SMSF members cautioned not to act propitiously re $3m cap

SMSF Association Media Release


Self-managed super funds (SMSFs) should avoid knee-jerk reactions to the Government’s proposed tax on earnings on super balances exceeding $3 million, Heffron Consulting Managing Director Meg Heffron told the 2024 SMSF Association National Conference in Brisbane today.

In her plenary address titled $3m super tax: Beyond the doom and gloom, Heffron said SMSF members should take a deep breath before taking any precipitous action if the proposed legislation becomes law.

“Although our impacted clients would prefer this new tax would disappear, it’s not a disaster and clients shouldn’t remove excess amounts from super without careful consideration.”

Heffron reminded her audience that getting to $3 million was much harder than it used to be. “Many clients will never get there and still see value in their SMSF, appreciating they are a genuine platform for their retirement savings strategy.

Looking at the Heffron client based, she noted that 43 per cent have less than $3 million and are over 65 – their peak savings years have passed.

“For those who opt to take their money out of superannuation, she cautioned that important issues to consider included the impact of large withdrawals on exempt current pension income (ECPI), not wasting losses and/or negative earnings, and any tax on death benefits.”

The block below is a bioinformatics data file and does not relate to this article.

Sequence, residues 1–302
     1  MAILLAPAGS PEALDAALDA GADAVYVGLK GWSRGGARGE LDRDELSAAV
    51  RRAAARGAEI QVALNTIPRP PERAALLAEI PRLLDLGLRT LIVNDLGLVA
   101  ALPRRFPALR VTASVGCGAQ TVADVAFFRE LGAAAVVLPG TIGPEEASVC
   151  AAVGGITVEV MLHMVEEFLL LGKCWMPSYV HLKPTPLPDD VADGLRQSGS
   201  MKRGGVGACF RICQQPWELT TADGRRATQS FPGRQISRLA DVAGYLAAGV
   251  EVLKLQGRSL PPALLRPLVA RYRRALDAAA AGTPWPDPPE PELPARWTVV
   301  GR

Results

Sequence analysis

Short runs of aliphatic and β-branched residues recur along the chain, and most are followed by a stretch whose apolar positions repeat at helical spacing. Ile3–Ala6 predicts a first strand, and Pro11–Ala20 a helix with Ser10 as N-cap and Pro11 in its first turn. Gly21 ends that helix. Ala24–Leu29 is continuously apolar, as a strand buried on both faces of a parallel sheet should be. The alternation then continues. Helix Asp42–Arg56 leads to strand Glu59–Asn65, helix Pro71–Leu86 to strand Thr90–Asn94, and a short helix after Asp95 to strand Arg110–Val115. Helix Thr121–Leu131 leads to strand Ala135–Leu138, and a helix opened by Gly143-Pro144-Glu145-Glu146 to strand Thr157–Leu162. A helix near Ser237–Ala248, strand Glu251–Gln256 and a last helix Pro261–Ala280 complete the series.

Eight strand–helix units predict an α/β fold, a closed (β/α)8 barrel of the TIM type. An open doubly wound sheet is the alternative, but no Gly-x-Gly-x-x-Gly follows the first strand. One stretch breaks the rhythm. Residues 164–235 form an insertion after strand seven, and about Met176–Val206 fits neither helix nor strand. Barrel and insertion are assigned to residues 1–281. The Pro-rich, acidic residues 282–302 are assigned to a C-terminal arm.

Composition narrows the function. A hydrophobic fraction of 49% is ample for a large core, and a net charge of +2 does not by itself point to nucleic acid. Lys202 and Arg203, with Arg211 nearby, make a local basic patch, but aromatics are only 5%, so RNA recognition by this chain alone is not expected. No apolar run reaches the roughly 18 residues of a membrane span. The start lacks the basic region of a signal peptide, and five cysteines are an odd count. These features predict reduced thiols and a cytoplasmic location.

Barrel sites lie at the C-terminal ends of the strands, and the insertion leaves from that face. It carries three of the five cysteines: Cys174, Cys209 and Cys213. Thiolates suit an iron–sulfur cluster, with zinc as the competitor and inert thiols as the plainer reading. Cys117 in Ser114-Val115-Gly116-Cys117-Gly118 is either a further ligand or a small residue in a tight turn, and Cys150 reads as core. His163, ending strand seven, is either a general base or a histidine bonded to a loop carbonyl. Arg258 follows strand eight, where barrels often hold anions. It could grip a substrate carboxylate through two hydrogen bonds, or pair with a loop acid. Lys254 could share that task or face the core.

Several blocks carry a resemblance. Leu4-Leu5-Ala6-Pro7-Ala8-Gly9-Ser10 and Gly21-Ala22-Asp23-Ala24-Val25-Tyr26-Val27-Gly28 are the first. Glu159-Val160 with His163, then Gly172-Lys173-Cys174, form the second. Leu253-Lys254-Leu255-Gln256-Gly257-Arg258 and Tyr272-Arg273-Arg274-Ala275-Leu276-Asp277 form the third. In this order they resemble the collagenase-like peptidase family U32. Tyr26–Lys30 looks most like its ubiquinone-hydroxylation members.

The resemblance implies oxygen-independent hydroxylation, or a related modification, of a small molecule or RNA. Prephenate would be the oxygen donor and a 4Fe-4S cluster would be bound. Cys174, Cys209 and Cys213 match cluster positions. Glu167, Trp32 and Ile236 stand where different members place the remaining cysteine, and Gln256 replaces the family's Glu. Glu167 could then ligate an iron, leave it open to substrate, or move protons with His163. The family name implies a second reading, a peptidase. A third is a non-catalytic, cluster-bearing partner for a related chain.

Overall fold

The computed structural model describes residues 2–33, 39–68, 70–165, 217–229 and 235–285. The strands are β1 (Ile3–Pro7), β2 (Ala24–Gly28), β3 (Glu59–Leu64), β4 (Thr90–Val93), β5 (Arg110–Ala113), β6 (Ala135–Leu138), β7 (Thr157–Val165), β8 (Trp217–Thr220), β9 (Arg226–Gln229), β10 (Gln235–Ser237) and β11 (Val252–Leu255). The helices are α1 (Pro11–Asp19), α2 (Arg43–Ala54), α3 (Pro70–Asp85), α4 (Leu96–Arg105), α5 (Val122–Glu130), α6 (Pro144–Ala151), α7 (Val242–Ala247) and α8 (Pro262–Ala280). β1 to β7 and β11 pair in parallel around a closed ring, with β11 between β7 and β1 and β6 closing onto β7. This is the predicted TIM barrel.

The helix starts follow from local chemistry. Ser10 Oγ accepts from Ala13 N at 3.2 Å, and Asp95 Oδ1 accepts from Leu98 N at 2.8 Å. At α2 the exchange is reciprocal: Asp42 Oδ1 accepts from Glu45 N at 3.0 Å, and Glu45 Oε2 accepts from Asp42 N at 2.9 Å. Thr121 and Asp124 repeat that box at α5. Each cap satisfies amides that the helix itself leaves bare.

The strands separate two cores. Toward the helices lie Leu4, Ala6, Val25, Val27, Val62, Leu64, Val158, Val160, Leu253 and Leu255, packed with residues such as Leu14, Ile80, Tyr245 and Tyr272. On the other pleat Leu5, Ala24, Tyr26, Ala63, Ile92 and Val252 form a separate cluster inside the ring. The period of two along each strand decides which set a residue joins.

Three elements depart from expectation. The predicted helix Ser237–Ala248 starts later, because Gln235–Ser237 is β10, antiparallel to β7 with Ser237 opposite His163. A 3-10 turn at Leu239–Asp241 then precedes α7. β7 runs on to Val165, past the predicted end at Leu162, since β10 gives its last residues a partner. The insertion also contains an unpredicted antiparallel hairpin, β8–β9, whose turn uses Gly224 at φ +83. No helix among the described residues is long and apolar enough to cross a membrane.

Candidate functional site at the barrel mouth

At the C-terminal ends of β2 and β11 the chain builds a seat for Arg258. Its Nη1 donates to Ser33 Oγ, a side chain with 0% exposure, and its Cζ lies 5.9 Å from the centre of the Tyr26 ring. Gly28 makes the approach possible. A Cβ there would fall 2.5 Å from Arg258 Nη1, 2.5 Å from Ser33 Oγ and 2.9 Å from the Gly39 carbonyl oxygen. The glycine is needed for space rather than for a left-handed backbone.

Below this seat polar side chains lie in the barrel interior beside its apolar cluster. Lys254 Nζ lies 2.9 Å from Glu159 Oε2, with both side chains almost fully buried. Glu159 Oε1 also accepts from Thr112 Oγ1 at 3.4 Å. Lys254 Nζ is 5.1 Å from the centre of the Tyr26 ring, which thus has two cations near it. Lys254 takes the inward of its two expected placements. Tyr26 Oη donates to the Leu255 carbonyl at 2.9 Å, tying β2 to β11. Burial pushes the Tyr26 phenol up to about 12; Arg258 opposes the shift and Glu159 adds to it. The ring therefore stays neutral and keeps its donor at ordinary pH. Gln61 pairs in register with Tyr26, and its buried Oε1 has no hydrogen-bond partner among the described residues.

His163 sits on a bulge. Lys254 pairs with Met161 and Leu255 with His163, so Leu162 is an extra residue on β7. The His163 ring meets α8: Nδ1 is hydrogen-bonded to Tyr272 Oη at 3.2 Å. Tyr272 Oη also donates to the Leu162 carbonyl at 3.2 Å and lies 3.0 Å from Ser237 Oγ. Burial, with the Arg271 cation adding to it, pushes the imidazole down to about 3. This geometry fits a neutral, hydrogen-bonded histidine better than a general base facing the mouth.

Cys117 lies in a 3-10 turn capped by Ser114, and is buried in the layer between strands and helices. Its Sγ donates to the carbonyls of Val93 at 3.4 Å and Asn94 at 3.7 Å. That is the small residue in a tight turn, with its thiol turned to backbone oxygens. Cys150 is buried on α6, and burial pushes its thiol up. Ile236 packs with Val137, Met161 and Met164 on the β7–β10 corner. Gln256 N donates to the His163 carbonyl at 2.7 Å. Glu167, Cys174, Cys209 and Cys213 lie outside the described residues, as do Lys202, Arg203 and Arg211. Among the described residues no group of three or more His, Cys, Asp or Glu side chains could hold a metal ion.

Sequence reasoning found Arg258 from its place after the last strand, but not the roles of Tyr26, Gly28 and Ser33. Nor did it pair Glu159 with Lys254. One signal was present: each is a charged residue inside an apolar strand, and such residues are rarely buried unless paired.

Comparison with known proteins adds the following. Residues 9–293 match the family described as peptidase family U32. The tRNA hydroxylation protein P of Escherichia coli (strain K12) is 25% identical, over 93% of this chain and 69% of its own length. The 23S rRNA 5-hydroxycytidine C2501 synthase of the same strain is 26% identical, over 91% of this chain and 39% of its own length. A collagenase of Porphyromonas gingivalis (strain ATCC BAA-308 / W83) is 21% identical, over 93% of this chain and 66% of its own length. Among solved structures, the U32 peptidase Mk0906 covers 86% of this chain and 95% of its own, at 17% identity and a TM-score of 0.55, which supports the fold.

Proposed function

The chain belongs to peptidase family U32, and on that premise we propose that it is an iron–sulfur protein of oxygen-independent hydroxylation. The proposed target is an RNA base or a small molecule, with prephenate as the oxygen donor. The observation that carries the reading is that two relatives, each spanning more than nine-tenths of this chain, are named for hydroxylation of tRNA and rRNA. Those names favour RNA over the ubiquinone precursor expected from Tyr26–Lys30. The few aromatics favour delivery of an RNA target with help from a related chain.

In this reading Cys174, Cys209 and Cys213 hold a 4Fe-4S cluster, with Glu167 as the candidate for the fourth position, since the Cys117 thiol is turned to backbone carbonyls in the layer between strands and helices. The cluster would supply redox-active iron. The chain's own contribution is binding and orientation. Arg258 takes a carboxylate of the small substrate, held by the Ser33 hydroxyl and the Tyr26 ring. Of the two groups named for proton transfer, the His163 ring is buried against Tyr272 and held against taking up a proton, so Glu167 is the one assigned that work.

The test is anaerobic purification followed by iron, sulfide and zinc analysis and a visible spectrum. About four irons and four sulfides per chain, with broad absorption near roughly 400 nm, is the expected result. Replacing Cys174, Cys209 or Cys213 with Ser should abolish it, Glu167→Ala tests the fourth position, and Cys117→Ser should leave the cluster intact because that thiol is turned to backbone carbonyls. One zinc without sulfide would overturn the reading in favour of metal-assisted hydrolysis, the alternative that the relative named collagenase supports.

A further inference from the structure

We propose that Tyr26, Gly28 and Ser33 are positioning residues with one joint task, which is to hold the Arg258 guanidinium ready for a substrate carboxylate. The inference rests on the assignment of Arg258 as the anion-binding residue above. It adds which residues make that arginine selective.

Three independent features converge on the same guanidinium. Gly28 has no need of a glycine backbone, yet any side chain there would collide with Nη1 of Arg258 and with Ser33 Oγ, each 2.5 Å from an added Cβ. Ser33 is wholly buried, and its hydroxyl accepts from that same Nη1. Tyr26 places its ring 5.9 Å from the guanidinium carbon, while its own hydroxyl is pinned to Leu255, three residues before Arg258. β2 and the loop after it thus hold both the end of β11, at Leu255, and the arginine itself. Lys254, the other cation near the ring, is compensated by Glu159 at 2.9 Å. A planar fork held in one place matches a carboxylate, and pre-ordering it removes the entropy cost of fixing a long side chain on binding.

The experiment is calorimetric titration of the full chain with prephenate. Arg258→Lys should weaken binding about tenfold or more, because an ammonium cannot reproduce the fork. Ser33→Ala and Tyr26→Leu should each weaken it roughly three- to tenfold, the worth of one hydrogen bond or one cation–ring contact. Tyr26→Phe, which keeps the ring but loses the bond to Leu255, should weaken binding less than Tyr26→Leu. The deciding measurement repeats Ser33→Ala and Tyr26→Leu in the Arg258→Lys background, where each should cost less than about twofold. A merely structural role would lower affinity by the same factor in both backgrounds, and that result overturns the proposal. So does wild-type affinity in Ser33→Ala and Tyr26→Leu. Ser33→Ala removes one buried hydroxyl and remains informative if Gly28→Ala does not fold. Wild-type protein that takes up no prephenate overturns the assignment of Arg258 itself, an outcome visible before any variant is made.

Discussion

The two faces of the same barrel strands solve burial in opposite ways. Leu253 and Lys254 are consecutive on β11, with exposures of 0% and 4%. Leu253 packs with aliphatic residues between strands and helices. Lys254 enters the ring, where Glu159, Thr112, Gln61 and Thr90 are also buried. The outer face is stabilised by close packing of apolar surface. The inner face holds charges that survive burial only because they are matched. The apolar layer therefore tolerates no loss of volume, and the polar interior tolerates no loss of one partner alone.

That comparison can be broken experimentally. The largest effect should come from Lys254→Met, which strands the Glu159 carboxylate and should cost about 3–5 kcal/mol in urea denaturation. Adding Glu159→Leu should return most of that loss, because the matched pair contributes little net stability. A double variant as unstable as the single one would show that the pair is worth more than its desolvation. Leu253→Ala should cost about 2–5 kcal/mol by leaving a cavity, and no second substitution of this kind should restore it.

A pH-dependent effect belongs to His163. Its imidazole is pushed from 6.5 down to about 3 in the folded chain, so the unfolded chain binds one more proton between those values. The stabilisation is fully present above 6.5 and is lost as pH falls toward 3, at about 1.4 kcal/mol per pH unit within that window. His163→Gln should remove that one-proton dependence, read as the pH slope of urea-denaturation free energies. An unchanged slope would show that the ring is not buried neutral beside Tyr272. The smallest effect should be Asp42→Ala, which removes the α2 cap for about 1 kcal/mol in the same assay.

SMSF Association CEO Peter Burgess, in his plenary address titled Leading through change: SMSF legislative and technical update, told delegates that they could expect the $3 million cap to become law by 30 June this year.

“The only questions that remains is whether the Government’s proposal not to index the cap and to tax unrealised capital gains will survive the scrutiny of the Senate cross bench.

“Although there might not be sufficient cross bench support to block this Bill, we hope that they will support amendments which simplify and improve this tax.”

Burgess added indexation of the $3m cap could easily be added and the proposed calculation of earnings could be simplified, and the taxation of unrealised capital gains substantially removed, by replacing the proposed complex formula and system of carried forward negative earnings, with a rate which more closely resembles taxable earnings.

“Our modelling shows that if the 90-day bank bill rate was used to calculate earnings, over the medium to long term, not only would taxpayers pay substantially less tax, but their tax liability from one year to the next is much smoother and far less erratic than the Government’s proposed approach.

“Paying less tax was an outcome even if you choose a 15-year period over the past 30 years when there were successive years of negative returns – which under the Government’s proposed approach could be carried forward and used to offset the tax in a future year.”

“One of the biggest flaws with the Government’s proposed approach is the erratic and unpredictable nature of the tax – an outworking of the calculation which is linked to movements in investment markets.

“This unpredictability means members will need to maintain much higher cash balances from one year to the next – and ultimately this will have an adverse impact on their investment returns”.